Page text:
Helping Your Loved One Get Schizophrenia Treatment

Medically Reviewed by Joseph Goldberg, MD on March 26, 2014
4 min read

If your friend or relative with schizophrenia won't get treatment, there are steps you can take to help.

First, listen to their concerns in an open-minded, supportive way. Then talk about how treatment will help. Explain that they have an illness and it's treatable.

"You'd get treatment for diabetes or hypertension, and you should get treatment for this," says Sonia Krishna, MD, of St. John's Well Child and Family Center in Los Angeles.

Focus on your concern for your loved one's safety and try to form a partnership. Don't confront delusional or inappropriate thoughts.

"Try to listen and empathize whole-heartedly with your loved one's perspectives, even when his or her beliefs seem outlandish, bizarre, distorted, or delusional," says Jason Bermak, MD, PhD, a psychiatrist in San Francisco.

If your loved one is paranoid, talk with them alone so they don't feel threatened by a group, says San Diego psychiatrist David M. Reiss, MD.

If they are not paranoid, having a group of known and trusted friends or family members talk to them may give them a sense of agreement and concern. A group is also best if they have a tendency to "turn" on one person.

Reiss suggests following these guidelines when you and others talk to your loved one about getting treatment:

  • Don't use a threatening or confrontational tone.
  • Close and trusted family members or friends should lead the conversation.
  • Don't include people your loved one doesn't trust or feel close to, which can cause more anxiety, fear, or confusion.

It’s really stressful to have someone you’re close to deal with a mental illness such as schizophrenia.

"Support groups for patients and families are not only helpful, they are essential," Bermak says. They can also help you get your loved one into treatment.

Try these organizations for help:

  • The National Alliance on Mental Illness (NAMI) has an information helpline (800-950-NAMI), referral service, and programs for individuals and families.
  • The Treatment Advocacy Center has information about treatment options. Or try its cell phone app, the Psychiatric Crisis Resources Kit, which has resources for emergency situations.
  • Local psychiatric hospitals, clinics, and universities run support groups and give referrals to other groups.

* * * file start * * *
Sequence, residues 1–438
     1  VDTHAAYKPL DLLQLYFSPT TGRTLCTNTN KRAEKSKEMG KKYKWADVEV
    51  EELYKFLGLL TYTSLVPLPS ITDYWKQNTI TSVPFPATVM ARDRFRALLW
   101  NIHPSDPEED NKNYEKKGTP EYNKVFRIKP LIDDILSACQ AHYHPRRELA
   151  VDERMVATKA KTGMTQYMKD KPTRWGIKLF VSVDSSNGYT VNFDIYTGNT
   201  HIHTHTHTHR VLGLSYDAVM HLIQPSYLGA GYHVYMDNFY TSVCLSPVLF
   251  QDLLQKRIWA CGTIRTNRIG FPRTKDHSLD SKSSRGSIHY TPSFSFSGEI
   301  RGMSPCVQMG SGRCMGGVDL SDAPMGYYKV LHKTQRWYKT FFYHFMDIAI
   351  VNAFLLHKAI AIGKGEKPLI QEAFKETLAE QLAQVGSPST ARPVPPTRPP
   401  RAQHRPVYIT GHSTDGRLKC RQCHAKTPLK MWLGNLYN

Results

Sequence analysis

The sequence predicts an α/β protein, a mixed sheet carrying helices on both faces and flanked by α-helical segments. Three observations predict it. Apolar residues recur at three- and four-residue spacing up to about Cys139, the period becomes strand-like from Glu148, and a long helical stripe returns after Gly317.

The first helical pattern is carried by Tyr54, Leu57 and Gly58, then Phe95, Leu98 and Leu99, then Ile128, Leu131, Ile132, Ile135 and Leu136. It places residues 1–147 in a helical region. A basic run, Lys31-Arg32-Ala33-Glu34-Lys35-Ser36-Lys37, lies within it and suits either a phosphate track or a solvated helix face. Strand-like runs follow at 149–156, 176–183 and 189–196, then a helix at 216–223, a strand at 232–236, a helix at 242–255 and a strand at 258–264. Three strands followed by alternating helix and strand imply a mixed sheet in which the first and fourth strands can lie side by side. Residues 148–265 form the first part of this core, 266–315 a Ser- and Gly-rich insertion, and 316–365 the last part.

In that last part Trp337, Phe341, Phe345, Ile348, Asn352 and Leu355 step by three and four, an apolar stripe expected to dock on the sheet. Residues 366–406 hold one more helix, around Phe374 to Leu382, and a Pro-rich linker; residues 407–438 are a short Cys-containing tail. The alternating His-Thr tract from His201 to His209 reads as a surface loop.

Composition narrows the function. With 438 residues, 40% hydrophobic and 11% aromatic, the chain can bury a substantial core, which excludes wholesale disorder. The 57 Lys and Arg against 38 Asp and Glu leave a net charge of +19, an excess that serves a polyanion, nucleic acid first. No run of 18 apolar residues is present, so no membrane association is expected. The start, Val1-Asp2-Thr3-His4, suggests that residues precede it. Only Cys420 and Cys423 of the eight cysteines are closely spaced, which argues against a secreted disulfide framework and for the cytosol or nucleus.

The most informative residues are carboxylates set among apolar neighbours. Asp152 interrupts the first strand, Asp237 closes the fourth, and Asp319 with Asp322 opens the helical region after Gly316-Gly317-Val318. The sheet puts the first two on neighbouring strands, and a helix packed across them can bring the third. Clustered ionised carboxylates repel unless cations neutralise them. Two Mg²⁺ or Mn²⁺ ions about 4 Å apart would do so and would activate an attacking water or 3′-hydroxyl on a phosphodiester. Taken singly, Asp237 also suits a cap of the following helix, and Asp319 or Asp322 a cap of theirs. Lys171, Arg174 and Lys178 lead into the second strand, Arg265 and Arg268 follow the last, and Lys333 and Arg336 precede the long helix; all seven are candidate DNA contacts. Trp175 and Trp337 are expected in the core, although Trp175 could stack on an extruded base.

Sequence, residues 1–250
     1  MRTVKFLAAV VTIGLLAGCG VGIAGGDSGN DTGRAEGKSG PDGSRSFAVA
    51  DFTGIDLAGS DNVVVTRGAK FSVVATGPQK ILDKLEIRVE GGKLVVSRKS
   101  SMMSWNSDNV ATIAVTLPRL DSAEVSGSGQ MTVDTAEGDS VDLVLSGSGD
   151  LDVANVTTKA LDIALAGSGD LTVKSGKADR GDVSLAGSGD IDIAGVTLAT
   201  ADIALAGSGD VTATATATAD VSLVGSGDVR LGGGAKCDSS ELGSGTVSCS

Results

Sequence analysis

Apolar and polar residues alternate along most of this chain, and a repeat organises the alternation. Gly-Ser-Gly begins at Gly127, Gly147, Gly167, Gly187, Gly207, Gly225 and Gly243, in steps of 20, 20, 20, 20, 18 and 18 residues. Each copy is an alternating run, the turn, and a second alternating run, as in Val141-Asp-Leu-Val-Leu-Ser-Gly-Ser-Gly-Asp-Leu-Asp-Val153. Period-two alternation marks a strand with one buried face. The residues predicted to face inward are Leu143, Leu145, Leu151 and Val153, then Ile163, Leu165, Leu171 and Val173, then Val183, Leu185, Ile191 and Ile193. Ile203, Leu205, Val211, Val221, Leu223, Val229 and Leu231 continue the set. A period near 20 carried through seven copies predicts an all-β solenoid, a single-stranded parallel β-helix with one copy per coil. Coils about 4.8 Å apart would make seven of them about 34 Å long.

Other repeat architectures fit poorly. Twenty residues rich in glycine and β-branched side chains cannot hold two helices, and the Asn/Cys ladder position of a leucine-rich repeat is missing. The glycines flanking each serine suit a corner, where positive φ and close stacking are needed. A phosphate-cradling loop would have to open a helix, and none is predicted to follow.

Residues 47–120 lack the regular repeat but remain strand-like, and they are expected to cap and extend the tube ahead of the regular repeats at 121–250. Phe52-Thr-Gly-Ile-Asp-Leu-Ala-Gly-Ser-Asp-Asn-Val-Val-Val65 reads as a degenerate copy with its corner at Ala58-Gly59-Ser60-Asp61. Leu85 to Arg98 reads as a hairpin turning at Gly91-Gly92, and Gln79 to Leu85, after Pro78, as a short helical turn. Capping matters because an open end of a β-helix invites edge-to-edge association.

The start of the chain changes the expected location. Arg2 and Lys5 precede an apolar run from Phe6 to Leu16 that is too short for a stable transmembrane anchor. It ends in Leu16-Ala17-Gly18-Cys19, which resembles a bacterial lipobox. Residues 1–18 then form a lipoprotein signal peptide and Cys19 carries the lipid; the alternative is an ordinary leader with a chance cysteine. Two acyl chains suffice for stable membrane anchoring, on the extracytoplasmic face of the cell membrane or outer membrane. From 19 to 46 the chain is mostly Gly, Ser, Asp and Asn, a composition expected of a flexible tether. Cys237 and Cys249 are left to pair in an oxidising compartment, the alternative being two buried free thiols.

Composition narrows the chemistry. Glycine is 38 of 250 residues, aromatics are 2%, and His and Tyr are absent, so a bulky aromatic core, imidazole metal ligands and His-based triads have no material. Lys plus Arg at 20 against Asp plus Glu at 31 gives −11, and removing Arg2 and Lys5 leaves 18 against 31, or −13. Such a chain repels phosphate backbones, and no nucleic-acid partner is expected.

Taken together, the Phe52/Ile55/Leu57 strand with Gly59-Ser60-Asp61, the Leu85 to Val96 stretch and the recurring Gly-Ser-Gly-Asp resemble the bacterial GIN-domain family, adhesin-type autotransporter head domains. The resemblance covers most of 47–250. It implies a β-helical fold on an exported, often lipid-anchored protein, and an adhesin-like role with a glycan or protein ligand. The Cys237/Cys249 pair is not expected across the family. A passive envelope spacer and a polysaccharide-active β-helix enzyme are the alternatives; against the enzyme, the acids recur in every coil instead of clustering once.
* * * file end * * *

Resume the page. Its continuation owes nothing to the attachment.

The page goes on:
First, call the police or 911. Explain the situation so they send someone trained to deal with it. "It takes the pressure off you," Krishna says.

Some states will send a mobile crisis unit or psychiatric emergency team, often called a PET or SMART Team, to your house. The team often has a social worker or psychologist who can assess and de-escalate the situation.

If your loved one is calm and doesn't need to be hospitalized, the team will talk to them about getting treatment on their own. Or they may take them to a hospital with the help of police.

In some situations, your loved one may need to get treatment in a hospital even though they don't want to go. You may hear this called "involuntary hospitalization" or "involuntary commitment."

"Laws governing involuntary commitment differ from state to state," Reiss says. Most states allow it only if someone with schizophrenia is in one of these situations:

  • An immediate danger to themselves or others
  • "Gravely impaired" and unable to function (for example, being unable to provide basic things for themselves, like food, clothing, and shelter)

If your loved one is in danger, doctors may place them in psychiatric "hold.” This means that the hospital can keep them there for a certain period of time.

The length of time and who can write the hold vary from state to state. It's important so doctors can keep the person safe, watch them closely, and rule out or treat upset or threatening behavior and medical or substance abuse problems.

Besides involuntary hospitalization, there are other options for someone who refuses treatment. The choices vary depending on where you live:

Outpatient commitment. When they get out of the hospital, a court order requires them to stick with treatment, or they will be sent back to the hospital. You may hear this called "assisted outpatient treatment," or AOT.

Conservatorship. The court gives a family member or guardian the right to make medical and legal decisions for the person with schizophrenia.

Assertive case management. A team of professionals will go to your loved one's house if they don't go to their appointments.

Advance directives. These are legal documents, written when a person is in a competent state of mind, that outline the treatment they want if they later lose their ability to make reasonable and informed health care decisions.

Court-ordered treatment. In some situations after a person has been arrested, a judge may offer them treatment in a residential program as an alternative to prison.